This post is written by UNL Dietetic Intern, Hailey Mitzel.
Eat Well, America! November is American Diabetes Month
Every 19 seconds someone in the United States is diagnosed with diabetes. Diabetes affects nearly 30 million adults and children in the United States today. November is a reminder of the increasing prevalence of diabetes and how healthy foods can help in diabetes management.
This year’s theme for American Diabetes Month is “Eat Well, America.” Learn more about diabetes so you do not become another statistic.
So what is diabetes?
In the simplest form, as we consume food, the body breaks its contents down to glucose. Glucose is needed to fuel the brain and provide the body energy. The pancreas, an organ near the stomach, releases a hormone called insulin. When one has diabetes, their body either does not produce enough insulin, also called Type 1 diabetes, or their body does not properly use insulin, also called Type 2 Diabetes.
How can you prevent diabetes?
- Be Proactive: If left untreated diabetes can be harmful, but with lifestyle changes you can reduce complications or future diagnosis. Untreated diabetes causes an increase of sugar in the blood. This build up can cause damage to the eyes, kidneys, heart, skin, and nerves. Fight against these complications and be proactive today by scheduling a physical with your doctor.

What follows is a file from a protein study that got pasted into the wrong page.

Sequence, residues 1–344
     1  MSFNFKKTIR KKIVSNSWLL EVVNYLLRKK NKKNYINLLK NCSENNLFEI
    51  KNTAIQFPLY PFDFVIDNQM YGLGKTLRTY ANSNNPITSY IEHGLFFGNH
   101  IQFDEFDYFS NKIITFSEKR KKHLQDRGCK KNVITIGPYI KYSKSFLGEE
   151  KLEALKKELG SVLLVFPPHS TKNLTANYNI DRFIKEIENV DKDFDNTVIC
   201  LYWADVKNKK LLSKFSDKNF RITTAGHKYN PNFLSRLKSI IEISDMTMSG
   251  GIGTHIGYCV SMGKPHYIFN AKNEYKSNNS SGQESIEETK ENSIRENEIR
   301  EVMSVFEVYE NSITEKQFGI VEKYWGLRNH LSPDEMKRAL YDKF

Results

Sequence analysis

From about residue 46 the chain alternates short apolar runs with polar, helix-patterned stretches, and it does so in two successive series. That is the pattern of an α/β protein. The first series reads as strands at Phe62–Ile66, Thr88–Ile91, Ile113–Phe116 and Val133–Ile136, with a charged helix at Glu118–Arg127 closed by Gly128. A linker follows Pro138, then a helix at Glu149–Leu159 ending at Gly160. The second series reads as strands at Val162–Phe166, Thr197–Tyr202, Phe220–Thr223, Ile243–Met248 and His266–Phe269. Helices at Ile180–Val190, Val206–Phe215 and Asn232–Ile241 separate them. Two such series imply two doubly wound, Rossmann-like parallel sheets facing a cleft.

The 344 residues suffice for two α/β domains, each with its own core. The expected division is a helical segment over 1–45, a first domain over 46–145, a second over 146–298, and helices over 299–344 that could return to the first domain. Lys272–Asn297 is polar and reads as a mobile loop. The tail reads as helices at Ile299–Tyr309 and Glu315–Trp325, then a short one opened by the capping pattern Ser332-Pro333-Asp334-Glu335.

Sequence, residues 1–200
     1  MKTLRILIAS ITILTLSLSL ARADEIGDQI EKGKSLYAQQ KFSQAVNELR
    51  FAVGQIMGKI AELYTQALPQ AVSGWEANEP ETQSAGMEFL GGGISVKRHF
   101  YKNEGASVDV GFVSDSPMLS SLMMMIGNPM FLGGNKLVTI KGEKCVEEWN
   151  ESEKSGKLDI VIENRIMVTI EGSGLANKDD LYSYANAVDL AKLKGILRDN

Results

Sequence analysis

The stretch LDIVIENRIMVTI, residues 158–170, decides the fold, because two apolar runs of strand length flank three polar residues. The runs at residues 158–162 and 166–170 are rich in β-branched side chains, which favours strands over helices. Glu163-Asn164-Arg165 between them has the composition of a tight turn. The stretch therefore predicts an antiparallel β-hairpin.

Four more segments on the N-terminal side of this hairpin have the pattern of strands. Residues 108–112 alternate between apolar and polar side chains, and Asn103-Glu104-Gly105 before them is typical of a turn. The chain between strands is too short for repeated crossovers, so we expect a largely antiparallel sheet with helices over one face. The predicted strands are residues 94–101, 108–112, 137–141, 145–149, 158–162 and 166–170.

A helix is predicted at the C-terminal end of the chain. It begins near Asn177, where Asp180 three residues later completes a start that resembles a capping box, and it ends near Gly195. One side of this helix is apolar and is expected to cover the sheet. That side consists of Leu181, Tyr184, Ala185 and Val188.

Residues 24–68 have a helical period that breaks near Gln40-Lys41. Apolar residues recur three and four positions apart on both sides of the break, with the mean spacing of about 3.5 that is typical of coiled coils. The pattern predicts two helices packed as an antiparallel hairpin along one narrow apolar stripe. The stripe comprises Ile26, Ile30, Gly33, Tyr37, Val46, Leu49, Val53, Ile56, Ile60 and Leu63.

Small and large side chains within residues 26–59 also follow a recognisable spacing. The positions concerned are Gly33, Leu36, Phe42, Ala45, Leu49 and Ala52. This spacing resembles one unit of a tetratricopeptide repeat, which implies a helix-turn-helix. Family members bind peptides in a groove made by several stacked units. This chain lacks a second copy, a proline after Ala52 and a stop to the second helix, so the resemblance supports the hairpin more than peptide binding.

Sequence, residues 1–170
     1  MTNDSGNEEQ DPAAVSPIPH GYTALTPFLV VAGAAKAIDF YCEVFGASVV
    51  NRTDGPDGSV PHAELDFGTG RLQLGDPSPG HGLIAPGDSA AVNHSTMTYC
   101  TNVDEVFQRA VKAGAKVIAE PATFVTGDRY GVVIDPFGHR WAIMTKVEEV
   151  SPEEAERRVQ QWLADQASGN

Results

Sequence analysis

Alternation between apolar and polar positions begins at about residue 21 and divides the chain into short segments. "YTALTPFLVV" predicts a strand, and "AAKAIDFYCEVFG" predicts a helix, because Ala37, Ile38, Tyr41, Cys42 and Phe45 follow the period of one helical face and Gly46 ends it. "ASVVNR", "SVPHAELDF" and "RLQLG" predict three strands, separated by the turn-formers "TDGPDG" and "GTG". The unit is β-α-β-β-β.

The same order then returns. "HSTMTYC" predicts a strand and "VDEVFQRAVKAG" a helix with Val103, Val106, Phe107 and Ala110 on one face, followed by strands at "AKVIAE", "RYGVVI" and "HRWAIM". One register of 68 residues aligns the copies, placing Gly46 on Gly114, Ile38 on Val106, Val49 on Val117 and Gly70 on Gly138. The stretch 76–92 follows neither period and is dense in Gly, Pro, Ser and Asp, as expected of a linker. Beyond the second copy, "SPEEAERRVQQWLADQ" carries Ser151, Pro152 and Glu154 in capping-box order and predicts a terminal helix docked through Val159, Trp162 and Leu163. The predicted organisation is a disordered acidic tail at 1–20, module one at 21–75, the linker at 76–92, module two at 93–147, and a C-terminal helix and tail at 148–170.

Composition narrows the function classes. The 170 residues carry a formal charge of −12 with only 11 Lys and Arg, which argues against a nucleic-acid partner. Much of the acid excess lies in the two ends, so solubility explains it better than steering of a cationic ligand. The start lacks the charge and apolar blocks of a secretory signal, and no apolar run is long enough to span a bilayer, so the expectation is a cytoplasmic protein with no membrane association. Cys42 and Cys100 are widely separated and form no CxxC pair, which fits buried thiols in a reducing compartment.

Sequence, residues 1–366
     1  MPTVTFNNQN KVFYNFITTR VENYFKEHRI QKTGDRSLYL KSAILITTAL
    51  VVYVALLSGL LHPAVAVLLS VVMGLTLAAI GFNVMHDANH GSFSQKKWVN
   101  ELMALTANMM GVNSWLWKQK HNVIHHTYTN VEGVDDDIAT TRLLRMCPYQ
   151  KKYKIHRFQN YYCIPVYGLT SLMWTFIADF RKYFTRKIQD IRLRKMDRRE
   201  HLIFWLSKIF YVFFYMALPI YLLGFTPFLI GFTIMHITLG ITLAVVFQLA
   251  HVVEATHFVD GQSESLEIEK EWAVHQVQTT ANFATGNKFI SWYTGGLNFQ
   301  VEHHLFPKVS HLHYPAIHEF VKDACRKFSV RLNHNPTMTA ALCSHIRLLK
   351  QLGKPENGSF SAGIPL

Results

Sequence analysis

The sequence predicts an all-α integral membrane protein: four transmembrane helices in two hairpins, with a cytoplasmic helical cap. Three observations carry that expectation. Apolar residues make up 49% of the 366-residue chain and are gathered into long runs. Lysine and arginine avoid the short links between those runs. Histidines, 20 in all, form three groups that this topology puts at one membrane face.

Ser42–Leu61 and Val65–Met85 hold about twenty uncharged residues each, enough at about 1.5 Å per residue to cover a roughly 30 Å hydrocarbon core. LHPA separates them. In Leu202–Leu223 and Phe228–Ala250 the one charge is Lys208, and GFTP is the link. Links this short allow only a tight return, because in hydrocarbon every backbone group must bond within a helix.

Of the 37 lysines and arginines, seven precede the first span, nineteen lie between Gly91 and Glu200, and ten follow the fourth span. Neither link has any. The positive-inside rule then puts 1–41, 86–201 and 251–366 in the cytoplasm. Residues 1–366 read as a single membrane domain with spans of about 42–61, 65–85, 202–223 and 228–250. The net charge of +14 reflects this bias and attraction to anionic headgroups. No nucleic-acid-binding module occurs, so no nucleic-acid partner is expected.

- Increase physical activity: One of the best possible ways to reduce your risk for Type 2 diabetes is by being more active. By adding physical activity to your day and losing weight, you can decrease your risk of developing diabetes.
- Eat Well: People with diabetes are able to include many foods in their diet. By increasing your intake of fruits, vegetables, and whole grains in regular meals throughout the day, you can help manage your blood sugar levels. Skipping meals causes fluctuation in blood sugar levels and increased hunger, which might lead to overeating. It is important to limit fats coming from animal products because that could potentially cause increased complications. This does not mean you have to exclude all saturated fat from your diet, just focus on moderation! Consume more healthy fats like nuts, fish, avocados, seeds, etc. These healthy fats can help control blood sugar and insulin levels.
As the American Diabetes Association celebrates its 75th anniversary, they will be posting nutritious recipes and tips for buying, preparing, serving, and eating healthy foods. If you have any questions or concerns about diabetes please seek your doctor or Registered Dietitian.
Hailey Mitzel is a dietetic intern at the University of Nebraska- Lincoln and guest blogger at Stirlist.com.